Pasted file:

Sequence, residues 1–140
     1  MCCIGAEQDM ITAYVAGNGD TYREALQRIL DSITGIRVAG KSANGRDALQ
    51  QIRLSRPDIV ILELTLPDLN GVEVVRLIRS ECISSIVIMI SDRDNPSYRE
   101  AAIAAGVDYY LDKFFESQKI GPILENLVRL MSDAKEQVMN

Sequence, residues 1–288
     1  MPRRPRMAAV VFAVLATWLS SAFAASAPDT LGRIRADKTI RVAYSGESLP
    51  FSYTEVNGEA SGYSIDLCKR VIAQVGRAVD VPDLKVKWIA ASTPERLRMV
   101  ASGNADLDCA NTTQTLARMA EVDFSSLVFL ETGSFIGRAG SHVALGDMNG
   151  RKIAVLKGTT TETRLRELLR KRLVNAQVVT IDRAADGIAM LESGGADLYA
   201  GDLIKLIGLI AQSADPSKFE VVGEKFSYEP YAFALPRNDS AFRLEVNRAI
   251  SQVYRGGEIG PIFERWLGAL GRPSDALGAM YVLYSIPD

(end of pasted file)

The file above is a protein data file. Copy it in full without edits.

Sequence, residues 1–140
     1  MCCIGAEQDM ITAYVAGNGD TYREALQRIL DSITGIRVAG KSANGRDALQ
    51  QIRLSRPDIV ILELTLPDLN GVEVVRLIRS ECISSIVIMI SDRDNPSYRE
   101  AAIAAGVDYY LDKFFESQKI GPILENLVRL MSDAKEQVMN

Sequence, residues 1–288
     1  MPRRPRMAAV VFAVLATWLS SAFAASAPDT LGRIRADKTI RVAYSGESLP
    51  FSYTEVNGEA SGYSIDLCKR VIAQVGRAVD VPDLKVKWIA ASTPERLRMV
   101  ASGNADLDCA NTTQTLARMA EVDFSSLVFL ETGSFIGRAG SHVALGDMNG
   151  RKIAVLKGTT TETRLRELLR KRLVNAQVVT IDRAADGIAM LESGGADLYA
   201  GDLIKLIGLI AQSADPSKFE VVGEKFSYEP YAFALPRNDS AFRLEVNRAI
   251  SQVYRGGEIG PIFERWLGAL GRPSDALGAM YVLYSIPD